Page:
It’s beyond jaw-dropping that Congress is only now getting around to fixing the Electoral Count Act, and is unlikely to finish the job until a post-Election Day lame-duck session.
The 1887 law governs how the states and Congress certify electors and presidential election results; it was central to then-President Donald Trump’s efforts to derail final certification of Joe Biden as the 2020 winner — and thus to the Jan. 6 Capitol riot.
Democrats have been waving the bloody shirt ever since, yet it wasn’t until Tuesday, 622 days after the riot, that the Democrat-controlled House finally moved on a bipartisan bill to clean up the law by passing the Presidential Elections Reform Act, 229-203.
Until now, the majority party had tried to tie up the issue with its larger agenda of nationalizing (and liberalizing) all election law. Remaining worries that the bill will somehow still become a vehicle for that nonsense is Republicans’ main excuse for opposing it, though fears of offending Trump supporters is plainly in the mix, too: Only nine GOP reps (who are all retiring this year) voted for it.
Yet the House bill shouldn’t be controversial: It simply 1) clarifies the vice president’s role in presiding over the count as purely ceremonial, 2) establishes guardrails against state officials who try to disregard election results and 3) requires one-third of the members of the House and Senate to object to a state’s electors, rather than the current one lawmaker in each chamber, to force a full vote on the question.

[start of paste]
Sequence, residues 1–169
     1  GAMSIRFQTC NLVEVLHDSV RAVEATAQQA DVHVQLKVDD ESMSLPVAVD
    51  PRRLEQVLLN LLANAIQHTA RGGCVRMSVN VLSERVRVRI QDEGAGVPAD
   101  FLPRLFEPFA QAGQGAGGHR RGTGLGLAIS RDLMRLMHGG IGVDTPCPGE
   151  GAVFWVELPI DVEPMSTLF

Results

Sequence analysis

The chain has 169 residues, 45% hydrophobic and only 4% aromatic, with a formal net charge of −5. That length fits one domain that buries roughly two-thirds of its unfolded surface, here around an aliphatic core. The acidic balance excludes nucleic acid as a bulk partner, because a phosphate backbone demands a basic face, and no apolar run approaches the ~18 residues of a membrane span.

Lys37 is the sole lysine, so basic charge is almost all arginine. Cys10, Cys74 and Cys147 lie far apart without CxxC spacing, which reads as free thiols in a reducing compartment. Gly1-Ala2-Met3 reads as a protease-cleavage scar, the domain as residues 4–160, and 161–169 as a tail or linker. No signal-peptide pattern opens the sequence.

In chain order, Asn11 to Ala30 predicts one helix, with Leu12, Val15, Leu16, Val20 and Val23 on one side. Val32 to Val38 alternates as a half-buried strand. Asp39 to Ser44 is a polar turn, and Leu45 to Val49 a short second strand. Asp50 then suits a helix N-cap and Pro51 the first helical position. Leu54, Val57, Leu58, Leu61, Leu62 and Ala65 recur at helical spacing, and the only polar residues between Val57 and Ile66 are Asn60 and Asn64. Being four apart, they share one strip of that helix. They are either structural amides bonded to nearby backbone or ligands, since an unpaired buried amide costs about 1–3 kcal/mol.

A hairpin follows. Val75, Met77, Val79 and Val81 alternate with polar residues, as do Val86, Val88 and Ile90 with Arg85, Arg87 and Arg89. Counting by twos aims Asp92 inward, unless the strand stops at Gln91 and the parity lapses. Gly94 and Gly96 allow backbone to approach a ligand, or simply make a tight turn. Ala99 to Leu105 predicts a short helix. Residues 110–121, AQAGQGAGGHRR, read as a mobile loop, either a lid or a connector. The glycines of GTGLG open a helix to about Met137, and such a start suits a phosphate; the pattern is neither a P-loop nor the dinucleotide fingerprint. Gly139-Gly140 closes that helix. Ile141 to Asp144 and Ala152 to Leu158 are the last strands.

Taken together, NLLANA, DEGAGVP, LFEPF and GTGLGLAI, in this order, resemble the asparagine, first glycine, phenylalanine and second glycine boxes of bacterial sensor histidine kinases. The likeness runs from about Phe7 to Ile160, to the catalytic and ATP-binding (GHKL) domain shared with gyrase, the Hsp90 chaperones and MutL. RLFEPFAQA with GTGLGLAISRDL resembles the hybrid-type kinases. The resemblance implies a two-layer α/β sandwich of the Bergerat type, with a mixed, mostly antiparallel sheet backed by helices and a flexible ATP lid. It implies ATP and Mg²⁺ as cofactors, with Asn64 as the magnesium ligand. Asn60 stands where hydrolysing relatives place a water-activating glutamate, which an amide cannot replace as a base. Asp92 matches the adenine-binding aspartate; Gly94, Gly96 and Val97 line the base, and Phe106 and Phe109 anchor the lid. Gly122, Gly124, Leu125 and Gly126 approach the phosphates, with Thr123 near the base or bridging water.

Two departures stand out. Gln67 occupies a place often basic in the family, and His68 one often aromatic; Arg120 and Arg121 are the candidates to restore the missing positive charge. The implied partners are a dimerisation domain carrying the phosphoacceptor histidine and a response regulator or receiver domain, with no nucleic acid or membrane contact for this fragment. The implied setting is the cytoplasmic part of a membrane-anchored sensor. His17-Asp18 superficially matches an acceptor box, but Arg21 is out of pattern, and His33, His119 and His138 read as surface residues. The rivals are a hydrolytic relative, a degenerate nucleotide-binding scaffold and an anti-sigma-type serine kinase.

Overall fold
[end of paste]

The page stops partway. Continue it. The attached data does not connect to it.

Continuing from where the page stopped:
The Senate version, the Electoral Count Reform Act, is slightly different, e.g., requiring only one-fifth of the lawmakers in both chambers to object. But it’s also a bipartisan bill, with 10 Republicans on board and so sure to pass if no Dems try any last-minute games; it looks like Senate Minority Leader Mitch McConnell is leaning toward backing the reform, too.
But it’s unclear when Majority Leader Chuck Schumer will move it to the Senate floor for passage. (To be fair, lots of other business is urgent, like ensuring the government doesn’t shut down — but that’s another reason Schumer should’ve gotten this done long ago.)
And then the House and Senate have to mix-n-match for a consensus bill to pass again, with precious few working days left before Nov. 8. Hence the likelihood that the fix won’t be done for months yet — with some risk that it’ll be left to the next Congress, when the GOP is likely to control at least the House and the whole thing gets even more (needlessly) complicated.
Enough: Schumer and House Speaker Nancy Pelosi have a duty to the nation to ensure final passage of the bipartisan reform of the Electoral Count Act. The peaceful transition of presidential power should never be in doubt again.
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